How NOT to Paint

Recently, I've gained a lot of perspective when it comes to the Life-Work-Hobby Balance. I neglected my hobby and left it untouched for a few months, assuring myself it was only temporary, until the most recent ReaperCon in late April. I realized that while I still had a passion for the hobby, my lack of balance in these areas had sabotaged my motivation to paint:


  2. TIMING 



Who in the world wants to paint while sitting on the tile floor, hunched over the coffee table with your neck craned at a 45 degree angle to catch what's left of the natural light coming through the window? Me, evidently. Too often I found I didn't take the time to set up a proper workspace and ended up painting in an admittedly uncomfortable position. I justified it with lame excuses like "I'll paint here because..."

  • "...I don't have a desk to work on"
    • Solution: Go buy one.
  • "...I need to take advantage of the natural light"
    • Solution: Paint earlier or plug in a lamp.
  • "...I don't have time to paint, I just have to fix this one thing" (3 hours later, I'm still painting)
    • Solution: Get real. Respect your space, time, and hobby. 

I learned that making a habit of being uncomfortable while painting led me to shy away from it when I had an extra hour or two here & there. Get the right tools. Paint in a consistent & comfortable space, regardless of how much time you have set aside for it. 


If you don't have time to paint, don't paint. Rushing to get things done in an unrealistic time frame will not yield good results. Bad timing can mean several things-- for me, it means trying to paint 

  • Right after work when I'm all hyped-up (on coffee and/or frustration). Painting is a practice in patience. If you have no patience, the mini will soon be airborne & flying toward the trash while you shout obscenities with a toothbrush in one hand and paint stripper in the other. I'm a perfectionist & a hot head. Not a good combo for zen painting. 
  • When my work-life balance is all screwed up. While I could go on-and-on regarding that matter, I have made several helpful changes to improve that balance that I'll write about in another blog entry.

  • When I haven't planned for it and my painting becomes more of an after-thought. There are a thousand-and-one reasons why I feel I don't have time to paint later in the day (i.e. gotta make dinner, too tired, the place is messy and I'd have to clean first, etc) so I have to respect my time doing what I enjoy and work it in into my schedule. 

While these are my personal weaknesses, everyone has their own mental road-blocks. Find out which are yours and make a plan to avoid them when making time for your hobby.


This is arguably the most important of the balancing ideas-- if you're not inspired, you won't paint. If you're not fueling your creativity, you won't paint. If you're painting something you don't like, you won't paint.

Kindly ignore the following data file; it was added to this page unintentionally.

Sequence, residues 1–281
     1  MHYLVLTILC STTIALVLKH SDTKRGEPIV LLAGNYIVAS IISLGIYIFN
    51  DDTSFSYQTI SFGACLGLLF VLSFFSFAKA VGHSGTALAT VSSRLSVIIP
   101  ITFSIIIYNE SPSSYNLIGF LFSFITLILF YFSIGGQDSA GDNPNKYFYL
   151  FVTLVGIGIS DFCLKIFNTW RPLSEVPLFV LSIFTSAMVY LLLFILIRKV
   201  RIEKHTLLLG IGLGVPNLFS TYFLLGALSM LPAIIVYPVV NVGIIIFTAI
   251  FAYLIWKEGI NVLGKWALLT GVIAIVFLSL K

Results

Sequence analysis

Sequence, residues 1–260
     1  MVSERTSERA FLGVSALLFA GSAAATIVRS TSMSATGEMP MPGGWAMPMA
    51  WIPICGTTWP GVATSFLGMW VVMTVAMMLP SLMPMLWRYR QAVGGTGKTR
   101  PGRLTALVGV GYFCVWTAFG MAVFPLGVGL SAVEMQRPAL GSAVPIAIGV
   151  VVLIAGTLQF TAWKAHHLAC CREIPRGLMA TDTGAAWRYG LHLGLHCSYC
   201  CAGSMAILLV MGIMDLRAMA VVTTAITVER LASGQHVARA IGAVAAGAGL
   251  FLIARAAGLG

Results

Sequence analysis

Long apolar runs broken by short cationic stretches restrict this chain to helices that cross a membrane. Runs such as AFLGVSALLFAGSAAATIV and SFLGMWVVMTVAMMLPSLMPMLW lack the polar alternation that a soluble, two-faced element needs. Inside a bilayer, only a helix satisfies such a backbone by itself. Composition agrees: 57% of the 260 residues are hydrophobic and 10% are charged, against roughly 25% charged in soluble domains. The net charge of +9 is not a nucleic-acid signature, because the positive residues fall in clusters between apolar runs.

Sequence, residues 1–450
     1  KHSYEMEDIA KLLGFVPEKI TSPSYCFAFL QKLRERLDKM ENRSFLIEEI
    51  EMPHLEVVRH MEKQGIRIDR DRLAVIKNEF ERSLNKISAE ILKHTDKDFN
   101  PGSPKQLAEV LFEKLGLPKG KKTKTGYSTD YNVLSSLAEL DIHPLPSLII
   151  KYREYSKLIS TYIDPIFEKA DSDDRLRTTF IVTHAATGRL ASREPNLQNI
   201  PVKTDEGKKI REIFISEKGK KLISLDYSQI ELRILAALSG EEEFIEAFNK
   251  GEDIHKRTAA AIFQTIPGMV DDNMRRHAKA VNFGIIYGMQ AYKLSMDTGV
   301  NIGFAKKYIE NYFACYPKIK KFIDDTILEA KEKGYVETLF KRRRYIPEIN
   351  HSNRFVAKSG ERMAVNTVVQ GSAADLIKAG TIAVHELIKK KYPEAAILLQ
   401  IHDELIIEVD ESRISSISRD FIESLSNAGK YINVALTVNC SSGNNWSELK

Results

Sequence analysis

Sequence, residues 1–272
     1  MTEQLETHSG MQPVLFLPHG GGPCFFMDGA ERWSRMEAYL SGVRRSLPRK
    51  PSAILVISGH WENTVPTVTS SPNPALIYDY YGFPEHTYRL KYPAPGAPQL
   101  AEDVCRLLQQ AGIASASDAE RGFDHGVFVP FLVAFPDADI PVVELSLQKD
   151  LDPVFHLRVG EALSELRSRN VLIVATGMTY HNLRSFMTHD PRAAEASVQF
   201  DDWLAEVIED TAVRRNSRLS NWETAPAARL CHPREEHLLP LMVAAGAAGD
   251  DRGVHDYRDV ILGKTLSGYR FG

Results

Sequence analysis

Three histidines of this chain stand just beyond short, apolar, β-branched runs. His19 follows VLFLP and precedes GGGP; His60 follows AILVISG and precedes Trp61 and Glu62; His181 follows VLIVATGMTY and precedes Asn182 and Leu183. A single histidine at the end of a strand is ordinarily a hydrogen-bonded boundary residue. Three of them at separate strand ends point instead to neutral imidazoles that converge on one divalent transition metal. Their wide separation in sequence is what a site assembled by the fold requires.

In fact, painting something you don't like can be the most crippling. When I bought my ticket for ReaperCon, I was painting a River Troll for our tabletop gaming campaign. When I found out about the painting contest, I thought "Ooh, this is one of the bigger & more impressive miniatures I've purchased, I bet this would be great for the contest!". Wrong. I struggled painting this miniature for several reasons:

  • I couldn't choose a proper color scheme
  • Painting monsters is not my strength
  • I tried to incorporate too many ideas from others on how I should paint him

While it's a cool sculpt, it inherently doesn't photograph well from the front due to the position of his head. In the end, he became a hodgepodge of differing ideas & pressure I put on myself to try and paint what I thought others wanted to see in a contest. As a result, this miniature didn't meet my standards or stand out in any way.



Thank goodness I decided at the last minute to add my favorite miniature Olivia into the contest. I painted her a year ago-- she was the one that ended up winning recognition. Go figure. Lesson learned!

As far as staying inspired & fueling your creativity, it's as easy as bookmarking blogs to other creative & interesting websites and taking the time to check them periodically. In fact, I make it a point to do that on Saturday mornings with my cup of strong black coffee-- but only one cup, otherwise I'll shake when I paint! They don't have to be specifically miniature painting blogs, they can be whatever inspires you-- one of my favorite blogs is a house remodeling blog that gives me great ideas for color & texture application. If you don't want to stare at a computer for inspiration, go outside-- take a trip to the zoo and get some ideas for painting fur. Download a new album that really gets you "in the zone" and ready to paint for long periods of time. Whatever works!

All in all, I realized that I have many opportunities to get my act together before I start painting in order to enjoy & continue in my hobby. If I set up a consistent & comfortable workspace, respect my time and energy, and actively work to stay inspired, I know I'll be painting successfully for many months to come!